Another characteristic of summer steelhead is the timing of the spawning migration. Summer steelhead migrate during the early spring, when flows are usually increasing (i.e. during the rising spring runoff. This allows this species to access or pioneer habitat that is not typically available to other pacific salmonids that migrate later, when flows are usually decreasing.
Of the four sub-basins in the Upper Columbia, the Okanogan is substantially larger, exceeding the size of the Wenatchee by nearly 7 times. A large portion (~ 70%) of the Okanogan River sub-basin lies in Canada where the river flows through four lakes. Although the Okanogan River sub-basin is large, habitat which supports steelhead is limited due to limited access and environments that exceed lethal tolerance.
As stated earlier, the Okanogan River is a large river and flows generally southward at a relatively low gradient (~ 1%). Due to the wide valley form, low gradient and flowing through a lake system, the Okanogan River was historically warmer than the other rivers within this Upper Columbia region. However, two factors likely contributed to increasing water temperature in the main stem of the Okanogan River. One, during the 1950’s dams were constructed at the outlet of the lakes (Okanagan, Skaha, Osoyoos) for flood control. The result of these dams thereby reduced velocity, increased surface area of the lake and the discharge from the dams is a surface water release, thus delivering the warmest water from the lake downriver. Two, the flow from several tributaries, within both countries, have been have reduced or completely diverted for agricultural production. Thus the amount of cold water entering the Okanogan River from these tributaries has been diminished from historical from historical rates. Furthermore, many of the tributaries entering the Okanogan River contain barriers, both natural and man-caused, to migrating fish, thereby limiting steelhead production. The one exception is the Similkameen River, which provides over 70% of flow to the Okanogan River in Washington. This water is typically several degrees cooler than that of the Okanagan River itself, extending valuable cool water habitat for a portion of these two major branches below their confluence.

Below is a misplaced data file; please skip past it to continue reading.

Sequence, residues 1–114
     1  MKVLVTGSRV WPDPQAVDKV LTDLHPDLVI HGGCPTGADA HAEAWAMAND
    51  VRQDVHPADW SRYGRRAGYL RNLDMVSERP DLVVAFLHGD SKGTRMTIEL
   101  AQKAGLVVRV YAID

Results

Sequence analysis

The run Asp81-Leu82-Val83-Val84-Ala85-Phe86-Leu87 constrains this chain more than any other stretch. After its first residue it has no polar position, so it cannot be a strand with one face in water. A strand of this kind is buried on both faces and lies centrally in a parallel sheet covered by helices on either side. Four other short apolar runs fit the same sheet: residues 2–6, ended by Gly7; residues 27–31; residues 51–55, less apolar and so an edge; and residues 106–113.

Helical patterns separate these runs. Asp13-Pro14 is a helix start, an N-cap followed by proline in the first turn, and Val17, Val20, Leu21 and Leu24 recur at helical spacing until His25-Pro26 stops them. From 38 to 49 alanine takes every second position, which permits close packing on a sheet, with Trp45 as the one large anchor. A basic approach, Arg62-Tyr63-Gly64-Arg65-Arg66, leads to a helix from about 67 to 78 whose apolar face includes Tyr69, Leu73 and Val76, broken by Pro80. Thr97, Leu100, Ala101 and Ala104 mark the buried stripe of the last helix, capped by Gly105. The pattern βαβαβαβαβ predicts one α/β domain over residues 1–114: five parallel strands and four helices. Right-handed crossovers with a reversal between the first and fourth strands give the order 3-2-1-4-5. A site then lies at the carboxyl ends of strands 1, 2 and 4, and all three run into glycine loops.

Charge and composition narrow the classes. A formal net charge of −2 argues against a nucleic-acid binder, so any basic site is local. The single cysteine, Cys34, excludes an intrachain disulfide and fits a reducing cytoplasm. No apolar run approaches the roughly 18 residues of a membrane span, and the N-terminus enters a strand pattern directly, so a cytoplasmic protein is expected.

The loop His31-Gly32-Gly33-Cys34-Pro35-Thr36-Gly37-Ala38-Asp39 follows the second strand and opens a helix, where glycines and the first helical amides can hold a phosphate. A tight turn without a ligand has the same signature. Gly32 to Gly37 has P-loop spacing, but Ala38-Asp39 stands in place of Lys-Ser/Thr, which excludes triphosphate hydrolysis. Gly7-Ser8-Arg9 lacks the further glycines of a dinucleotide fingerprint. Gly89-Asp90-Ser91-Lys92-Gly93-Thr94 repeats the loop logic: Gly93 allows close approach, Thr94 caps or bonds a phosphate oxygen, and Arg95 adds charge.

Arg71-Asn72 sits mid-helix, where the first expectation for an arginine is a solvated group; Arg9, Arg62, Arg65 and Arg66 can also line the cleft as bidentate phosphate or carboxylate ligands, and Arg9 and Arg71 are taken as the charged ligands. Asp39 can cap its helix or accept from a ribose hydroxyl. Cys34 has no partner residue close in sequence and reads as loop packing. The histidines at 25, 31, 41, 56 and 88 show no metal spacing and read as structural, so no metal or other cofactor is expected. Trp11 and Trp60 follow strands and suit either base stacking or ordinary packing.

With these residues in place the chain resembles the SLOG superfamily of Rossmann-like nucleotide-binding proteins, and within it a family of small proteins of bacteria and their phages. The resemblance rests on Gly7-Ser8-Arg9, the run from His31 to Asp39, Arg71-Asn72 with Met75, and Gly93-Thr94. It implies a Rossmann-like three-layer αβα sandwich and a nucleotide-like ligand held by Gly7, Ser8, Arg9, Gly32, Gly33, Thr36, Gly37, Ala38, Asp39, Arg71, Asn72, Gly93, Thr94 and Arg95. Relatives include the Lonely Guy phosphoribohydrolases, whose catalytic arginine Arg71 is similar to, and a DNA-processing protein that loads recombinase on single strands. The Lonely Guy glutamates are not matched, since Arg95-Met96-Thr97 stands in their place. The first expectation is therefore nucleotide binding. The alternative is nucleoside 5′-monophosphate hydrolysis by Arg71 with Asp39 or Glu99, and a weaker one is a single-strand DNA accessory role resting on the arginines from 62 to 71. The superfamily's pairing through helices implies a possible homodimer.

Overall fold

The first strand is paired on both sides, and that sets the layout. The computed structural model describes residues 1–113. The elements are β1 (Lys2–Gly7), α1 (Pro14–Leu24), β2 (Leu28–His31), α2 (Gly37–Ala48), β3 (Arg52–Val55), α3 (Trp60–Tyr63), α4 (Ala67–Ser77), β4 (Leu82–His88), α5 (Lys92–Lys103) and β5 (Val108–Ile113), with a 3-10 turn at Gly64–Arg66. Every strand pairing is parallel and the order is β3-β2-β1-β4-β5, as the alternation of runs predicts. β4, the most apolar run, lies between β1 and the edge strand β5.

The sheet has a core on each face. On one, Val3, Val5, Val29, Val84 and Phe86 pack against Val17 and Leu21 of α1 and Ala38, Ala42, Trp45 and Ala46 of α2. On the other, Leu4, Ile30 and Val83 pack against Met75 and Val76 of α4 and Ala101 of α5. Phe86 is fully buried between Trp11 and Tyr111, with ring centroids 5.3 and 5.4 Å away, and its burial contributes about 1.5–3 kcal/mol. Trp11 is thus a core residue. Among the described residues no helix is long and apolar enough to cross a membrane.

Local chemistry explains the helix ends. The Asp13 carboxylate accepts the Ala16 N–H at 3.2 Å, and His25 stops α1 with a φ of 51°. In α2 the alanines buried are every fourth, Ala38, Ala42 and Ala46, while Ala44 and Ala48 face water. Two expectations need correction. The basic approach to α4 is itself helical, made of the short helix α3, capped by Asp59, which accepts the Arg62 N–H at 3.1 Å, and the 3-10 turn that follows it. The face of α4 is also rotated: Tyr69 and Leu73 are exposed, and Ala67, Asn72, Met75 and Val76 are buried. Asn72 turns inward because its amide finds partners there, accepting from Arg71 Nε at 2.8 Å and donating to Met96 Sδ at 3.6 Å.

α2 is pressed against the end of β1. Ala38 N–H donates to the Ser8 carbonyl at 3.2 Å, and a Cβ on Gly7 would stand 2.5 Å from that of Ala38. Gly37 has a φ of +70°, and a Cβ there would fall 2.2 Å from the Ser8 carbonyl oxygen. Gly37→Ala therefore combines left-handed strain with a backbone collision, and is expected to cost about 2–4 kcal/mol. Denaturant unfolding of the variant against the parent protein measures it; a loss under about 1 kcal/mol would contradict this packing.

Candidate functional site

Water temperature data indicates that in an average year the Okanogan River will become thermally uninhabitable for steelhead by mid-July and extends through the month of August. Consequently, to strengthen the summer steelhead population in the Okanogan River, habitat restoration actions directed towards increasing the amount of cold water or providing access to habitat which contains cold water will predictably benefit the population of summer steelhead in the Okanogan River.
Unquestionably, removal of Enloe Dam on the Similkameen River, would reduce water temperature due to the reduction of solar interception by the reservoir created by the dam. Secondly, upon removal of Enloe Dam, if summer steelhead are capable of navigating over the exposed falls, which most fish biologists believe they are, a conservative estimate of 200 miles of spawning and rearing habitat will become available for summer steelhead, substantially exceeding the current steelhead spawning and rearing habitat within the Okanogan River sub-basin, and adding to the potential fisheries benefits for future generations. This would be a major positive contribution to the recovery of Upper Columbia native steelhead.
Conservation groups* today appealed a June 24, 2014 decision of the Washington State Pollution Control Hearings Board affirming a new, 600 cfs water right for the Okanogan Public Utility District’s (PUD) Enloe Hydroelectric Project. The Board ruled that the water right permit could be issued even though a critical, and legally required, aesthetic flow study is yet to be completed. The aesthetic flow study was required by the Board in a water quality permit (“401 Certification”) for the same project and is designed to ascertain the flows that are necessary to protect scenic values of the Similkameen Falls. A coalition of regional and national river advocacy groups* appealed the Board’s decision because it fails to comply with state Water Code requirements.